Health Benefits:

Anti viral qualities
Combats fatigue
Fights asthma
May reduce risk of Alzheimer
May reduce risk of hemorrhoids
May reduce risk of urinary tract infections
May regulate heart rate
Pain reliever
Reduces risk of cervical cancer
Reduces risk of lung cancer
Reduces risk of oral cancers


Serving size: 1 cup chopped/boiled; Calories: 62; Fat: 1.4g; Cholesterol: 0mg; Sodium: 29mg; Carbs: 11g; Sugars: .8g; Protein: 5g; Potassium: 6%DV; Vitamin A: 288%DV; Vitamin C: 56%DV; Calcium: 27%DV; Iron: 12%DV

Did You Know?

  • Collards are a rich source of fiber, calcium, manganese, folate, tryptophan, and vitamins C, K, and A.
  • Collards are in the same family as cabbage and kale.

Ways to Eat:

  • Steamed
  • Boiled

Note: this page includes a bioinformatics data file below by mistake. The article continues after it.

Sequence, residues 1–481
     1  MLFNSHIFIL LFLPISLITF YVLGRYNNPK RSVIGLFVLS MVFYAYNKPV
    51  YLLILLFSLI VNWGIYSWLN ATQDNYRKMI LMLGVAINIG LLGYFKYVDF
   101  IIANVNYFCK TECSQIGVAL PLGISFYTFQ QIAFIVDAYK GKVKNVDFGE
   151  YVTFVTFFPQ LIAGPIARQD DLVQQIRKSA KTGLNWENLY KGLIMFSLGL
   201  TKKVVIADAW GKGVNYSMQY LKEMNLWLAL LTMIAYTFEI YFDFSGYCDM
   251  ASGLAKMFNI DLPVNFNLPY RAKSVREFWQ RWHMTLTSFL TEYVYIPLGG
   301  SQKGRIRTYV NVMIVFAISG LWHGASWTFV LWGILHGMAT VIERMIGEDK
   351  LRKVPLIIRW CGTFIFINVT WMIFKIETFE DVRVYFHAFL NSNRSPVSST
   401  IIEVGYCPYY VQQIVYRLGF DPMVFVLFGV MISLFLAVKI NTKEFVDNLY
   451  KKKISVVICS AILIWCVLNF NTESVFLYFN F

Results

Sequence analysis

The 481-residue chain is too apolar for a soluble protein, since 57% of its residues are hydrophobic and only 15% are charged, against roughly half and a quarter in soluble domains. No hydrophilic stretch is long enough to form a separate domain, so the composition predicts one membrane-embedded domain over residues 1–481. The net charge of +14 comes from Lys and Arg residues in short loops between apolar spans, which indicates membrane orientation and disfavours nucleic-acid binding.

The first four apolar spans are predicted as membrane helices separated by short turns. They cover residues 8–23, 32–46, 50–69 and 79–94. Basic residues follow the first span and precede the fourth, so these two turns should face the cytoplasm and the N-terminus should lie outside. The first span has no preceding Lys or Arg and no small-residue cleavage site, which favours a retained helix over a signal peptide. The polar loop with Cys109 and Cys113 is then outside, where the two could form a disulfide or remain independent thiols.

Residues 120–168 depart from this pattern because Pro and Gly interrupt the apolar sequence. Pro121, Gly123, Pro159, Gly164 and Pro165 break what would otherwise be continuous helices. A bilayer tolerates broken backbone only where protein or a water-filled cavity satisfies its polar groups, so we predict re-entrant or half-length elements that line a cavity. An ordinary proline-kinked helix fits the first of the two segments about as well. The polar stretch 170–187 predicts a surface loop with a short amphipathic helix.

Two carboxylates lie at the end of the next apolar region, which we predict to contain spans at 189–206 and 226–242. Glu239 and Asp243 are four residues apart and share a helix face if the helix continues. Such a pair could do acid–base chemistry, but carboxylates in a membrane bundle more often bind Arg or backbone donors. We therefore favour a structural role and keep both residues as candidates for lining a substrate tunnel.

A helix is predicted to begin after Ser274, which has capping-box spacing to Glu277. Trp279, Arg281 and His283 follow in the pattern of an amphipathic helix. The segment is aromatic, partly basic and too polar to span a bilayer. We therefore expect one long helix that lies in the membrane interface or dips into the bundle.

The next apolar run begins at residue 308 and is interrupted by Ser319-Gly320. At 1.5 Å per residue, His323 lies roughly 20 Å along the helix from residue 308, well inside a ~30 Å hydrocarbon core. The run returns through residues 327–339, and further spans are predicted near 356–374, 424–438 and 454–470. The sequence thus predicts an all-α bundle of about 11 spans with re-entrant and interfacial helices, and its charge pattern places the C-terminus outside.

• Sauteed
  • Braised

Farming Trivia:

  • Collards are native to the Mediterranean and Asia minor.
  • They were brough to Britain and Brace around 400 BCE, but were first dicumented in the America's in the 1600's.
  • Collards are available year-round, but taste better in the winter months.

Note: Always consult a physician for any specific health questions and concerns. Some of this information may be subject to change should there be any new findings from Federal Health Administration (FHA), Food & Drug Administration (FDA), American Medical Association (AMA), American Cancer Society (ACS), and / or other leading food, nutrition and medical advisors.